The Best Kitchen Flooring Considerations
Making sure you select the best kitchen flooring that is the right flooring type for your kitchen based on your own specific usage demands, budget and family needs and requirements. Get this wrong, and your kitchen will look like a nightmare and you’ll end up not adding any value to your home at all.
In fact buyers (if you ever sell) will need to factor in the costs to replace the flooring that you put in. So, basically, what we’re basically saying here is “Get this right!” Or if you haven’t a clue, get advice. We’ve put together a comparison of the various types of kitchen flooring that you could buy today, hopefully to help you make the right decision for your home and family.
Your kitchen is one of the key focal points for your home and therefore, its critical to get it right from the outset. You need to take into account your needs in the kitchen, how will it be used, what sort of foot traffic will it get, how easily cleanable would you like it to be? These factors along with budgetary constraints will all help to determine the most suitable flooring type for your kitchen. Then to top it all off, you have to them factor in your style and color preferences, assuming they’re available in the flooring product you decide to go with.
Elaborating on some of these considerations mentioned above.
- Your needs – Is your kitchen a place that receives some of the highest foot traffic in your home? Is it a gathering spot for family conversations, or is it simple a place where food is prepared and cooked? Whatever the use for your kitchen, the amount of foot traffic, will determine whether or not you need a hard wearing, durable surface, or something less so.
- Ease of cleaning – Depending on your time availability, some floor types are easier to clean and maintain than others. Determine just how important it is to you to have your kitchen floor always looking its best. If you don’t have the time available, or the inclination, then go with something like linoleum, or vinyl for an easy to clean solution. Also be aware that the lighter colored floors, or the natural stone type tiles that have uneven surfaces, whilst looking great to begin with, can present cleaning difficulties or a consistent cleaning demand over the longer term.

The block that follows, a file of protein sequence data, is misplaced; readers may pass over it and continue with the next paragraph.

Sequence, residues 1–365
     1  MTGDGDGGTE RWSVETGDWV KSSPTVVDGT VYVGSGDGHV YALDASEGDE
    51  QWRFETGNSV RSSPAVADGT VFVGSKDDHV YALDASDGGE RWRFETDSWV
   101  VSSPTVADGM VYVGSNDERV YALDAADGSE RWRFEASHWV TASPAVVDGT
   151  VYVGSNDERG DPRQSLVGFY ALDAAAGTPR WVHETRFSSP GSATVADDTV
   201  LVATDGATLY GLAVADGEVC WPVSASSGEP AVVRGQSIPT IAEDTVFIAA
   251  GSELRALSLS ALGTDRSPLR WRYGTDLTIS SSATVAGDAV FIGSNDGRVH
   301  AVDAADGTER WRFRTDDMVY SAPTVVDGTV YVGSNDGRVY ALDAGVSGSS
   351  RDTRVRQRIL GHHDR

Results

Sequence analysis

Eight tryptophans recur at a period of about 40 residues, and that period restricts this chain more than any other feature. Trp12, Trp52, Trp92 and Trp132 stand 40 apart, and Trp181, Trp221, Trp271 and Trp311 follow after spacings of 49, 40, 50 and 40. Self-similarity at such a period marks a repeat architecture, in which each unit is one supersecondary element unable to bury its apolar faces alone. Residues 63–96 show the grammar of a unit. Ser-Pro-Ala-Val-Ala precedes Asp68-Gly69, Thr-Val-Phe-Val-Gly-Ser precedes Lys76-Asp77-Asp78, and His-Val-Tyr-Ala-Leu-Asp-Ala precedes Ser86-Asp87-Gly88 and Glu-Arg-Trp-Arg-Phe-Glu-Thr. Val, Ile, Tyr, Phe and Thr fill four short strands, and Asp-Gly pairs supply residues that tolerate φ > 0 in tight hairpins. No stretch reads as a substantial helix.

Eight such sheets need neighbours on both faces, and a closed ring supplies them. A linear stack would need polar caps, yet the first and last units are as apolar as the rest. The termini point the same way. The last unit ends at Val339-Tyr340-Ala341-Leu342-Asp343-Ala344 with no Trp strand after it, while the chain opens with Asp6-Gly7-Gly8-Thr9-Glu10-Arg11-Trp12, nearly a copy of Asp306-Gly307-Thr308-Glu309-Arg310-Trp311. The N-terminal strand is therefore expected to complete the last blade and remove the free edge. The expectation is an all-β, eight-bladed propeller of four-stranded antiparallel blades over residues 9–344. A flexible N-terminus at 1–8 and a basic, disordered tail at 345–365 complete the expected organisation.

- Budgetary constraints – Its always nice to have an unlimited budget for doing up areas of your home, however for most of us, that isn’t the case. When it comes to spending money on your kitchen floor, don’t go for the cheapest option that you think might meet your needs, go with one that will keep adding value to your home over the longer term. Sure, it may cost a little more in the short term, but the longer term benefits will have it paying for itself many times over.
- Color, and Style – This decision is critical. You need to take into account the overall theme, style, and color of the interior décor of your home. Don’t get too radical in your style and color choices for your kitchen floor. It needs to co-ordinate and blend with the overall feel of your home. So be conservative in your color choices and ensure that whatever color you do decide on, that it compliments and adds to the overall décor of your home.
What types of flooring are available for your new kitchen?
- Ceramic Tiles
- Granite tiles, slate tiles, or other natural stone
- Solid Hardwood floors
- Laminate Flooring
The most common flooring type you’ll see in many homes, and one that has been around for ages are your good old ceramic tile which provides a real safe bet for your kitchen floor, and one that will also span most budget ranges.
The options for choice here are endless. If your budget is low, you’ll find something that will fit your kitchen plans. If your budget is high, you will too. Although its not uncommon for some homeowners with extreme budgets to go on a tour (holiday) to Italy and hand select their very own tiles to import.